Guest blogger Lesley L. Smith, Ph.D. has earned a plethora of degrees, including a M.S. and a Ph.D. in Elementary Particle Physics. In 2012, she added to her collection by completing her MFA in Writing Popular Fiction at Seton Hill University. Dr. Smith’s short science fiction has been published in several venues, such as Analog Science Fiction and Fact, Daily Science Fiction, and Nano Meets Macro. She is an active member of the Science Fiction/Fantasy Writers of America (SFWA) and Rocky Mountain Fiction Writers (RMFW), and is also the founder and editor of Electric Spec.
Dr. Smith has held a variety of scientific jobs, including investigating quarks, dark matter, extrasolar planets, clouds, atmospheric chemistry, and global warming. She has worked for a variety of research institutions, while her nonfiction articles have been published in venues that include Physical Review and Modern Physics Letters. She is a long-time member of the The American Physical Society (APS) and The American Geophysical Union (AGU).
For more information, connect with Dr. Smith on her website.
Did you hear? They just released a neat new phone/laptop/tablet/whatever. It seems like there’s some new gadget or discovery every day. The world is becoming STEMier and STEMier all the time. I refer, of course, to science, technology, engineering, and math. There are huge opportunities in this sector.
The National Association of Colleges and Employers (NACE) report “Starting Salaries for New College Graduates” states graduates in STEM fields will make the highest starting salaries this year. The U.S. Office of Science and Technology Policy reports that women in STEM jobs earn 33 percent more than those in non-STEM occupations. More of us women definitely need to get in on this action. Here, then, are five ways to get more women in STEM:
1. Know yourself. Numerous studies have shown differences in gender socialization lead to implicit biases, such as “men are more suited to STEM” or “women are bad at math.” Do you have such biases? Are you sure? Consider participating in a study such as Project Implicit, which tries to measure implicit biases. Once implicit bias is identified, it’s much easier to deal with.
2. Realize anyone can become a STEM professional. Some people think successful STEM professionals are born with STEM skills or predilections. Not true. This is actually related back to implicit bias (see #1 above). All humans are born with the potential to develop STEM skills. Accept this about yourself and the other females in your life, and then tell them! Studies show female STEM role models can be very effective; check out programs like FabFems.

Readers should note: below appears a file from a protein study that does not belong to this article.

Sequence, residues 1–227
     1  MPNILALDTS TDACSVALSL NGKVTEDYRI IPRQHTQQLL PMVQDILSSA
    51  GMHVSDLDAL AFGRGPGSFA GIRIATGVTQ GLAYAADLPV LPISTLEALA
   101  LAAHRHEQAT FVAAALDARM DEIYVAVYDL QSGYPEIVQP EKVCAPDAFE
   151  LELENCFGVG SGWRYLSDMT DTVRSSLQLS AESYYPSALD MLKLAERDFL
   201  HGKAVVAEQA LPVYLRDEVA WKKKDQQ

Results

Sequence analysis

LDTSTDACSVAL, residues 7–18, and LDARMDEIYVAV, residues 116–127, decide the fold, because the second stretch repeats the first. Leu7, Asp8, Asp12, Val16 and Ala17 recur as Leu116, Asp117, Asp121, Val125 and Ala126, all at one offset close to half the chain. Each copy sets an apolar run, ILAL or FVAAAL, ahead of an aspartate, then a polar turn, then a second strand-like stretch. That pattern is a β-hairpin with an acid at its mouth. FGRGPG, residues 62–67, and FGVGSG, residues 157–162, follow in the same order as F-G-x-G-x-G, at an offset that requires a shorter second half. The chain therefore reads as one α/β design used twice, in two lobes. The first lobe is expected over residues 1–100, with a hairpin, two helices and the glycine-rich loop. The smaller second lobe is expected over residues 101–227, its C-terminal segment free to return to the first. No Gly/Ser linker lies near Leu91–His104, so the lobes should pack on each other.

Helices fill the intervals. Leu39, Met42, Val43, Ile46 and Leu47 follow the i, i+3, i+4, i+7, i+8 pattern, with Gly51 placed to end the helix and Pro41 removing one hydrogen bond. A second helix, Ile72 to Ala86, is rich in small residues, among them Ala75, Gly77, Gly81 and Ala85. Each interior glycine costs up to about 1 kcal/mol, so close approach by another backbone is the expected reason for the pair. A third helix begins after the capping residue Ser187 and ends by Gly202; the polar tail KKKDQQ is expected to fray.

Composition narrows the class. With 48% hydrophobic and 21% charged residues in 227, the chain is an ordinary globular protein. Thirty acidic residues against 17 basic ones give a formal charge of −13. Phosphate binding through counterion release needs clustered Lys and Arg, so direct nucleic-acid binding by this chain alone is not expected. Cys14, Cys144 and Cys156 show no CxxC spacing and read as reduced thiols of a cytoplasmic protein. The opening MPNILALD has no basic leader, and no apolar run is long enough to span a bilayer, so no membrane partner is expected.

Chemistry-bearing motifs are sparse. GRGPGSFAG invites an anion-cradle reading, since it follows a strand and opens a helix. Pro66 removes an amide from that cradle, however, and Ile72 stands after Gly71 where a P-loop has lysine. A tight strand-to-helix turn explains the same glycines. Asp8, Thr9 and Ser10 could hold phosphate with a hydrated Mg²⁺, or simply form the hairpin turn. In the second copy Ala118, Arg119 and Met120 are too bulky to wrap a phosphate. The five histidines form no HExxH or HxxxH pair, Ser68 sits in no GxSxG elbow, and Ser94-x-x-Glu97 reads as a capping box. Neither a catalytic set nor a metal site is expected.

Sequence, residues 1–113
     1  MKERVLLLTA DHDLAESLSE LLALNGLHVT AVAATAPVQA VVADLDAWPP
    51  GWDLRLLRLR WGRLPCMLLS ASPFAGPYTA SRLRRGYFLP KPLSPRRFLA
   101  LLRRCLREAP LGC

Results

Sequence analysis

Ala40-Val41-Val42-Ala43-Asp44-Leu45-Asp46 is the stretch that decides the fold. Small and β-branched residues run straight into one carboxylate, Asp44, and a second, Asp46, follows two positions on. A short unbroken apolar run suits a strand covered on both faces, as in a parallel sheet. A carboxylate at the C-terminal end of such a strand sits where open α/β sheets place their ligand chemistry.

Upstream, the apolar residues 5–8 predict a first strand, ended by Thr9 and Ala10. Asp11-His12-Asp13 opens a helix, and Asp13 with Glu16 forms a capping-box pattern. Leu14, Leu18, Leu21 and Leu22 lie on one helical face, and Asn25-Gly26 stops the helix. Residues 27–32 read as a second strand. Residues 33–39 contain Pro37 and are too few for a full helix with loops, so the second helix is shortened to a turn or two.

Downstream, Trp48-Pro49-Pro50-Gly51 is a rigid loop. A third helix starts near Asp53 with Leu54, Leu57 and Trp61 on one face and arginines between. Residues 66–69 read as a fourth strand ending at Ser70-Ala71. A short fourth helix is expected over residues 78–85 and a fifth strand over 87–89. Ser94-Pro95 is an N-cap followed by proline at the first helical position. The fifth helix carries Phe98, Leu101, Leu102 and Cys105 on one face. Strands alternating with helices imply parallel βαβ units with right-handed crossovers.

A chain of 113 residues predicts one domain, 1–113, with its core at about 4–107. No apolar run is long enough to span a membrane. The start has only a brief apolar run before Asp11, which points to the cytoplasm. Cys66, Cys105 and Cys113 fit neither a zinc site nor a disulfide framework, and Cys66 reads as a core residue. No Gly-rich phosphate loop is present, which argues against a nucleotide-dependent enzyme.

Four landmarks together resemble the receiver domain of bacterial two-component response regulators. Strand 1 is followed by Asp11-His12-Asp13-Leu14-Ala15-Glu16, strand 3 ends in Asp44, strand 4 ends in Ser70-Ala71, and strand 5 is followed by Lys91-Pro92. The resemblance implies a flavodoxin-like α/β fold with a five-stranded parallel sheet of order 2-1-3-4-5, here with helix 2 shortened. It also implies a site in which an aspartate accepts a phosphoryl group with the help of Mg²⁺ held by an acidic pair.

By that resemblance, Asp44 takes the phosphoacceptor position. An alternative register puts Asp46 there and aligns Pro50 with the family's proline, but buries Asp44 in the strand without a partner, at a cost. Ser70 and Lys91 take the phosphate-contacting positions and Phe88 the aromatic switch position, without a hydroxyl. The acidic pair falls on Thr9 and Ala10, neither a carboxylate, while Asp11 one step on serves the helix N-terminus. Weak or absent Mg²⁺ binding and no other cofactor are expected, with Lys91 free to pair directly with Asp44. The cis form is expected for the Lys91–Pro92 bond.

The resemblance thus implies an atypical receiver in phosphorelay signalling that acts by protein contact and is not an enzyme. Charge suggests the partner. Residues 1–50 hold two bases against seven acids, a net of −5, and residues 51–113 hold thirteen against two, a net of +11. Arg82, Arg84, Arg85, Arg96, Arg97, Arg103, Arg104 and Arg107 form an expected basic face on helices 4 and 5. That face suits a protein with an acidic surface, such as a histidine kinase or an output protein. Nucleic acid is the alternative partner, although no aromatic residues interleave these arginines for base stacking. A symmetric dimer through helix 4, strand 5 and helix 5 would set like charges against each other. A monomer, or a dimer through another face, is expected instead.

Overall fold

3. Understand that STEM improves the world. STEM professionals work with and help other people. STEM improves society through collaborating, making new discoveries and developing new technologies. Many of humanity’s greatest historical achievements, from the internal combustion engine to electricity to Penicillin to the Internet, have been STEM inventions or discoveries. Now STEM helps people in myriad ways from screen readers for the blind to predicting flash floods. In the future, STEM discoveries and inventions will continue to improve the world. I wonder what those improvements will be?
4. Consider STEM. It sounds obvious, but more women will enter STEM fields if more women consider entering STEM fields. If you’re an adult not already in STEM, consider retraining (see “Educate” below); there are a lot of opportunities. As The Brookings Institute report “The Hidden STEM Economy” states, there are even opportunities for people without bachelor’s degrees. If you’re a mom, aunt, grandmother or friend to a young woman, encourage her to consider STEM.
5. Educate. Women who are willing to consider STEM need STEM training. Girls need to take math and computer science and other STEM-related courses in K-12 to understand our high tech world. If your local high school doesn’t teach one of these subjects, ask for it. If you’re already out of high school, there are other options. For example, many local public libraries offer free or low-cost computer-related classes. And there are online options such as Massive Open Online Courses (MOOCs). Many MOOCs are free and there are a variety of STEM courses, including courses on computer and data science, physical and earth science, biology and life science. There are several MOOC sites, check out the MOOC-list, for example. Of course, a post-secondary degree in a STEM field is ideal for STEM success.
The bottom line is: women benefit from STEM opportunities, but STEM needs women. Diverse ways of thinking lead to innovation, pure and simple. And the human race is going to need innovation to solve the challenges of the future, such as clean energy and water for all. Join us!